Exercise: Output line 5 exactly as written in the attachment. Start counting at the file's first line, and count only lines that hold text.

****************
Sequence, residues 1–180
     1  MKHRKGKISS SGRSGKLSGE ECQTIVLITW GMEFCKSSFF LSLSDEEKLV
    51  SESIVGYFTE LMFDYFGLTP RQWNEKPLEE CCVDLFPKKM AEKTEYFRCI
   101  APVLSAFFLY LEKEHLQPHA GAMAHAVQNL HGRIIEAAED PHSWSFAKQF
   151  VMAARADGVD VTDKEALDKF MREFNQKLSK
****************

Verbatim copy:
   151  VMAARADGVD VTDKEALDKF MREFNQKLSK